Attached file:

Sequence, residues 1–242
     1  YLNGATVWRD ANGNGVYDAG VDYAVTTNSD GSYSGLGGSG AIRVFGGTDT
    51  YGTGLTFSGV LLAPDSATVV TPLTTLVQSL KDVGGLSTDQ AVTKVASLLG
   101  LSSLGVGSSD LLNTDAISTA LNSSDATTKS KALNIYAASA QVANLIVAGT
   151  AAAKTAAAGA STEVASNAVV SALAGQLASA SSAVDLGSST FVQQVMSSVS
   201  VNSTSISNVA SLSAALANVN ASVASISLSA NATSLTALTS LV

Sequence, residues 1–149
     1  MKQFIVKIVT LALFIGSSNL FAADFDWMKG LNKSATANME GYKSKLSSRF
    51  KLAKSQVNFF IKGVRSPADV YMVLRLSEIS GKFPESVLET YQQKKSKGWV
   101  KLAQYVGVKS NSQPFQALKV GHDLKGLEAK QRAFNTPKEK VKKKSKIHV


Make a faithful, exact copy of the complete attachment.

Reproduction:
Sequence, residues 1–242
     1  YLNGATVWRD ANGNGVYDAG VDYAVTTNSD GSYSGLGGSG AIRVFGGTDT
    51  YGTGLTFSGV LLAPDSATVV TPLTTLVQSL KDVGGLSTDQ AVTKVASLLG
   101  LSSLGVGSSD LLNTDAISTA LNSSDATTKS KALNIYAASA QVANLIVAGT
   151  AAAKTAAAGA STEVASNAVV SALAGQLASA SSAVDLGSST FVQQVMSSVS
   201  VNSTSISNVA SLSAALANVN ASVASISLSA NATSLTALTS LV

Sequence, residues 1–149
     1  MKQFIVKIVT LALFIGSSNL FAADFDWMKG LNKSATANME GYKSKLSSRF
    51  KLAKSQVNFF IKGVRSPADV YMVLRLSEIS GKFPESVLET YQQKKSKGWV
   101  KLAQYVGVKS NSQPFQALKV GHDLKGLEAK QRAFNTPKEK VKKKSKIHV